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Jen Boynton headshot

L'Oreal Takes Eco-Certification Mainstream

By Jen Boynton

On Tuesday, L'Oreal achieved silver certification from the nonprofit Cradle to Cradle Products Innovation Institute for its Biolage R.A.W. (Real - Authentic - Wholesome) haircare line, the company announced at the Sustainable Brands conference in Detroit.

L'Oreal says its R.A.W. shampoo and conditioner are made with "the highest levels of biodegradability." The shampoo is 99 percent biodegradable, the company said in a news release.

I always tread carefully when I read percentage-based health claims, as I worry about what sort of toxic heebie jeebies lurk in the remaining ingredients. Jay Bolus, president of certification services for MBDC, the company behind the Cradle-to-Cradle design framework, explains:

"Just because something is water-based or water-soluble does not necessarily mean it will biodegrade. But even if it does, the question is: What does it degrade into? Are the degragants more toxic than the parent compound?

"In the case of L’Oreal, we determined that the formula is close to 100 percent biodegradable and it degrades into compounds that are nontoxic."

That's good news for our skin and the waterways where greywater from the shower may eventually drain.

Biolage R.A.W.  contains a laundry list of natural ingredients including quinoa husk, honey, coconut oil and kaolin clay. The shampoo and conditioner are composed of 77 percent and 95 percent natural-origin ingredients respectively.

Of course, just because something is natural doesn't mean it's healthy. Bolus explained how the Cradle to Cradle Products Innovation Institute measures product wellness:

"All ingredients, regardless of their origins, are assessed against the 25 human and environmental health criteria in our methodology. Some natural materials (e.g. plant extracts, essential oils, etc.) are a complex combination of substances and have to be assessed slightly differently than a pure substance. But in any case, all ingredients go through a rigorous screening/assessment process."

Natural ingredients are often environmentally preferable because they usually come from "rapidly renewable resources," rather than from oil or other non-renewable petrochemicals, Bolus said.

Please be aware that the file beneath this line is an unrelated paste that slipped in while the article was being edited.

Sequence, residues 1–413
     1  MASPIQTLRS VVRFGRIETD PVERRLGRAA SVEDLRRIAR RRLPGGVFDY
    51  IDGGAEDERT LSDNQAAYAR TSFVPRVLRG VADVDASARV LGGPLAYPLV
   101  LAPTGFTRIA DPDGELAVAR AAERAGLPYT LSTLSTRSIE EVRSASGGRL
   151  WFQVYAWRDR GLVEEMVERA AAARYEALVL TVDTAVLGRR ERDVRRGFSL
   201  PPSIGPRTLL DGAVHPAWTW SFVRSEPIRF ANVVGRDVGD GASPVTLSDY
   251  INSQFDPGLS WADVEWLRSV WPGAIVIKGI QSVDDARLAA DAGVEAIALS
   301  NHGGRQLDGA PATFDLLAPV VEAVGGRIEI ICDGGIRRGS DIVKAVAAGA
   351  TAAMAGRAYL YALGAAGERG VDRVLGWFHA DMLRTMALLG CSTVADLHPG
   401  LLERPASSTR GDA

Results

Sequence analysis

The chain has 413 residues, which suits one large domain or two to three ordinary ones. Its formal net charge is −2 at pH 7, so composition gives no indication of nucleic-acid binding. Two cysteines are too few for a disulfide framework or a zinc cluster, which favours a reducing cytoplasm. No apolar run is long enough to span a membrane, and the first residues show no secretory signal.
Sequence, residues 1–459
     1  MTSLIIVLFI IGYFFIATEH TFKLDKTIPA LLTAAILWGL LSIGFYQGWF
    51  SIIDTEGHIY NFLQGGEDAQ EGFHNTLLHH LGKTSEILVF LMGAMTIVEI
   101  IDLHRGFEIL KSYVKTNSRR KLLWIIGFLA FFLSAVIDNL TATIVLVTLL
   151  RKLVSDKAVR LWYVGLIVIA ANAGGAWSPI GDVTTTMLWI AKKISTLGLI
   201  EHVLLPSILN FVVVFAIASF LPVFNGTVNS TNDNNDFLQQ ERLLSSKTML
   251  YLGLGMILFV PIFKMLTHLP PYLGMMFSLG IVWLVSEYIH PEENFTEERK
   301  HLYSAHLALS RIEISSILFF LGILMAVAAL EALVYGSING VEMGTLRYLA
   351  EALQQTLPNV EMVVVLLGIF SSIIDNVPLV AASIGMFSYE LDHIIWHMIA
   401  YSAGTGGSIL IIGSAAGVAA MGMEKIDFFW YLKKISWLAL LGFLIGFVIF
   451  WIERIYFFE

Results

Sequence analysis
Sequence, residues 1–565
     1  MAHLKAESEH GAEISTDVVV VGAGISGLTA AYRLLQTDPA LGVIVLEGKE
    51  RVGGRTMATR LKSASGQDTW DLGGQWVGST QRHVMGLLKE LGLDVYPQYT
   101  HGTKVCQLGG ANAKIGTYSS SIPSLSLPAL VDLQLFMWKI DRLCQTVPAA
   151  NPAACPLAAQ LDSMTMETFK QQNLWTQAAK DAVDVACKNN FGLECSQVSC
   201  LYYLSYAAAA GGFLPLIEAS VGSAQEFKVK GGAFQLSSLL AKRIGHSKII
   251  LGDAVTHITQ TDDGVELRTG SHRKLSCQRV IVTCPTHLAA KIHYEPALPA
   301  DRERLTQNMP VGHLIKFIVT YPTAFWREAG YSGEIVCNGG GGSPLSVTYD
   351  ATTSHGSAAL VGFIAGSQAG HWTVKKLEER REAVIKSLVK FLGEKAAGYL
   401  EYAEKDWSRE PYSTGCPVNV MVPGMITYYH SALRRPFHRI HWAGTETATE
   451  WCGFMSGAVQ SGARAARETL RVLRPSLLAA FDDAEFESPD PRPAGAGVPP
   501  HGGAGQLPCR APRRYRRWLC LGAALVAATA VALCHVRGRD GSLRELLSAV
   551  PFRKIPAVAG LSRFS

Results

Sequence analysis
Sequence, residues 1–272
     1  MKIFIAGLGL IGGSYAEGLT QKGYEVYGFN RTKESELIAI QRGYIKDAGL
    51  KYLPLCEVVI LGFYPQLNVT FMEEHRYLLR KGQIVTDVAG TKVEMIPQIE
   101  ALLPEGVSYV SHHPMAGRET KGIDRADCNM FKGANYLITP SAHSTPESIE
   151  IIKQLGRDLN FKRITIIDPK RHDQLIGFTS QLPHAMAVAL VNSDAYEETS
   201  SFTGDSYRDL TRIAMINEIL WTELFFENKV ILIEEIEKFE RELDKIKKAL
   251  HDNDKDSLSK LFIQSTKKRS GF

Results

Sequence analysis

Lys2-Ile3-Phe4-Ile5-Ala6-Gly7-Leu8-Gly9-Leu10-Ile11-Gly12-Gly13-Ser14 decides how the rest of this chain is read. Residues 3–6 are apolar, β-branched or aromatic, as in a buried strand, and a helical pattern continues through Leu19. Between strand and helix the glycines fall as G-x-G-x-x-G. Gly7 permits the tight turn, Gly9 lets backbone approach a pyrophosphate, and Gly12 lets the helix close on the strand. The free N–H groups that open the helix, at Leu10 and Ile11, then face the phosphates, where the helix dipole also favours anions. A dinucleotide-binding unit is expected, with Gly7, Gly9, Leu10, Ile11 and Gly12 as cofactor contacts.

Notably, while the R.A.W. line received a silver certification overall (a 3 out of 5 on the Cradle to Cradle certification scale), the products actually received a platinum score on the Material Health Assessment, which evaluates impact on human and environmental health -- arguably the most material issue for a personal care product.

The Cradle to Cradle product certification examines products across five categories:

  • Material health: The toxicity of the ingredients in the product,

  • Material reutilization: The volume of recycled content and product recyclability,

  • Renewable energy and carbon management

  • Water stewardship

  • Social fairness

Each product receives a rating in each category as well as a list of recommendations for improvement. Companies have two years to demonstrate improvement against the listed recommendations or they won't be allowed to re-certify.

L'Oreal's recommended improvement areas are increased renewable energy and water stewardship. The firm now has the opportunity to improve its decontamination process so that the effluent water is clean enough to be reused in the manufacturing process.

Image courtesy of L'Oreal (press use only) 

Jen Boynton headshot

Jen Boynton is the former Editor-in-Chief of TriplePundit. She has an MBA in Sustainable Management from the Presidio Graduate School and has helped organizations including SAP, PwC and Fair Trade USA with their sustainability communications messaging. She is based in San Diego, California. When she's not at work, she volunteers as a CASA (court appointed special advocate) for children in the foster care system. She enjoys losing fights with toddlers and eating toast scraps. She lives with her family in sunny San Diego.

Read more stories by Jen Boynton